Nesta_Open_Banking_Paris_event

On the 11th of April 2017,  4by90 and French Digital organised with Nesta an event in Paris to discuss the Open Up Challenge and how French and UK startups were approaching Open Banking. The event was supported by Business France and hosted by our partner Early Metrics.

 

If you don’t know about the Open Up Challenge, you should check it out (here)

In this short post,  I would like to capture some of the points that were discussed during the event as well as highlight a number of questions that ought to be considered. The views expressed here are my own and do not engage the responsibility of anyone mentioned below.

I had the privilege to moderate the discussion with an excellent panel of individuals for whom Open Banking really matter for their business.

  • Bruno Van Haetsdaele – CEO et cofondateur de Linxo (France)
  • Nicolas Ribeaut – CCO de Budget insights (France)
  • Peter Edenholm – Fractal Labs (UK)
  • David Coghlan – Marketing Director OpenWrks (UK)
  • Mark Santall – Product Owner Open Banking (UK)

Open Banking/PSD2 as a straight jacket

From some of the French startups, there was a perception/fear that “Open Banking” (that is PSD2 for most of Europe) might end being a straight jacket. In the French market as well as in some European markets, web scraping is a method widely used by a number of successful businesses in order to offer their services without having to rely on Banks willingness to enable their customers to share data with 3rd parties.

  • Data available: It works relatively well.With customer consent, 3rd parties can have access to all the data available in a customer online banking platforms. ==> with PSD2 the range of accounts that can be accessed is defined and therefore prevents in theory web scraping to occur on type of accounts not covered (e.g. savings account)
  • Frequency of access: the 3rd party can define how often the data is accessed ==> PSD2 is creating restriction as to how often data can be accessed. (i.e. it won’t be real time when a event occur on a customer account)
  • Security: There haven’t been trust shattering fraud events so far, customers are comfortable sharing their credential data to get access to these services. However this imply a security risk for the customers are they have to share their credentials with a 3rd party and be in breach of their bank T&Cs ==> with PSD2 this is sorted as the credentials are never shared, 3rd parties have instead to rely on banks SCA method. This will likely be at the price of user experience, forcing 3rd party to include in their flow some sub optimal bank methods to implement SCA.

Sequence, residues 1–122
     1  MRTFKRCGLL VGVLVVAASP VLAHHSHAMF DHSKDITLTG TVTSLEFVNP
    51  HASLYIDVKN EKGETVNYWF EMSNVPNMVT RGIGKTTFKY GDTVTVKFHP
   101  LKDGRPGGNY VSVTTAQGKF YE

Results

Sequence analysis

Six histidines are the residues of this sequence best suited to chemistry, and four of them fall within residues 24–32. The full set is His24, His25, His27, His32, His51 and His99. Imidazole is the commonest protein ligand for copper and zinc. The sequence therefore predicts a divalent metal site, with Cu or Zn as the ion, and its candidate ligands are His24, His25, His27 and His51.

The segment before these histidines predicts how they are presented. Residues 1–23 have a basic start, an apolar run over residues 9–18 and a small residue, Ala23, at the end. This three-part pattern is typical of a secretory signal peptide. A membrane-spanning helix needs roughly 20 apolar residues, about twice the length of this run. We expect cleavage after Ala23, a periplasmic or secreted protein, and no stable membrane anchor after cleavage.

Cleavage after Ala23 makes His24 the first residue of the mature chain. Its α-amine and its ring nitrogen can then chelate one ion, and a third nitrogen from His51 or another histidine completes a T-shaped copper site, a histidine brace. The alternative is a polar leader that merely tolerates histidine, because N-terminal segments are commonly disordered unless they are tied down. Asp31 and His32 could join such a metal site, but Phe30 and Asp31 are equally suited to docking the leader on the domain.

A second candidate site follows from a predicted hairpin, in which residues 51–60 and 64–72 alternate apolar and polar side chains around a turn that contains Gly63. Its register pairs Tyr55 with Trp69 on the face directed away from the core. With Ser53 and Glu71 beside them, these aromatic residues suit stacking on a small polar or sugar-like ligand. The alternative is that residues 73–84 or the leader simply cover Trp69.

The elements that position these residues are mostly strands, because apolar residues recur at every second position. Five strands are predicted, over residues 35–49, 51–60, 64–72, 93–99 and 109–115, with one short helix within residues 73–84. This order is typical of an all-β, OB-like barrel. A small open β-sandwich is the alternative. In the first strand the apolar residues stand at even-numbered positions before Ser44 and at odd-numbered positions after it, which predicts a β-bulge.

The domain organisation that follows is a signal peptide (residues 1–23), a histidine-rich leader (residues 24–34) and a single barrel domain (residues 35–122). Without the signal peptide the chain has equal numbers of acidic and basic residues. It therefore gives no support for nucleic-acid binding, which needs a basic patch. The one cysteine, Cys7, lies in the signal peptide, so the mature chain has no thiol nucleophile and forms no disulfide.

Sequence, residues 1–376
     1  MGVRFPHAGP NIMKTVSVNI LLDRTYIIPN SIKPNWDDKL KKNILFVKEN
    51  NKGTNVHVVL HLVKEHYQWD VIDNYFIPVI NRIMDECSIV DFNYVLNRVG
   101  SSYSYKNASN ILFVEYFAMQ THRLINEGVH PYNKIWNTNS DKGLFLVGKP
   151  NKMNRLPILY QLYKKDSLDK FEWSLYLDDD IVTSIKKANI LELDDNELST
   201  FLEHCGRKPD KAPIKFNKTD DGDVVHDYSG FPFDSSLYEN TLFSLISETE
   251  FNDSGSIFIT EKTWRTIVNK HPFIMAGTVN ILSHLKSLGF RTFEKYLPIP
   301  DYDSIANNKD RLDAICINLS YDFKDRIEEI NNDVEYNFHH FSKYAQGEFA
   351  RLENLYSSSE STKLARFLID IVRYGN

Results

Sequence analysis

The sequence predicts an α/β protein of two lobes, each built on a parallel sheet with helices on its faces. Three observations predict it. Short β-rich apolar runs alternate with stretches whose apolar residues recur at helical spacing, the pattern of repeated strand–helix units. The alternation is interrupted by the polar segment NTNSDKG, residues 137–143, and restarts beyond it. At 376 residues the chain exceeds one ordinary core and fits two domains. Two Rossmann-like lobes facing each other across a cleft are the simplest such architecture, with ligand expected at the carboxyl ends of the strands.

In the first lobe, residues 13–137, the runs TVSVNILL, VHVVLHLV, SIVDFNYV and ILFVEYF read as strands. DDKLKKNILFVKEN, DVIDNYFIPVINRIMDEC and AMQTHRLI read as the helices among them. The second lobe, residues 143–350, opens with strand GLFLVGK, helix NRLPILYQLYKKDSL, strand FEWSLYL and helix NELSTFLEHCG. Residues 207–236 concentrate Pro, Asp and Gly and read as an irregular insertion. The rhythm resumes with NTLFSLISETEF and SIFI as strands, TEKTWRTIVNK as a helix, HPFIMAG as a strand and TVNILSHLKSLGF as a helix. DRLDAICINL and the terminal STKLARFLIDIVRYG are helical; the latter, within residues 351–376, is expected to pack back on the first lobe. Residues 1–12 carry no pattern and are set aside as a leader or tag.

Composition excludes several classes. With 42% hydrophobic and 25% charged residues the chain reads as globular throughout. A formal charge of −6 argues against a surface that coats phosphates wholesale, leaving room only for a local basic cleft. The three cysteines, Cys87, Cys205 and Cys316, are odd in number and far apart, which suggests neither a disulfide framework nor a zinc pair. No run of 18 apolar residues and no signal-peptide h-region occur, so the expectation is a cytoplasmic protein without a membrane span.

PSD2 doesn’t mean one single standard across Europe

Albeit PSD2 is a European wide regulation, the local rules and means of data sharing will still vary country by country. There is not an agreed standard that will be implemented across Europe. PSD2 is still a positive step towards more alignment as access to banking data in a country will be improved from what is available today. For instance it should require less effort and less maintenance to aggregate banking data in a specific country.

 

UK is ahead of the rest of Europe

From a regulatory and technical standpoint there are no countries that have gone as far as the UK to define the technical means by which PSD2 will be implemented and the APIs definition to do so.

Furthermore the UK is the only country that have defined data sets beyond PSD2 that will have to be opened up to 3rd party companies in order to drive more competition in the UK market. This is due to the CMA mandate which aim was to bring more competition in the personal and small business retail banking sector.

However there seems little knowledge in the French startup ecosystem as to what the UK is doing in regards to Open Banking and why it goes further than PSD2.

 

Questions to explore further

To conclude I would like to highlight a number of questions that warrant to be explored further.

  • Is there an opportunity to drive more consistency around the local implementation of PSD2 in each European countries?
  • Is there an opportunity for the UK to work with other European countries to enable the set of data that will be opened in the UK market beyond PSD2 (e.g. back book pricing information)
  • Beyond just financial data, how should the means for customer to share their data be standardised. E.g. customer data that sits with retailer and social media companies?

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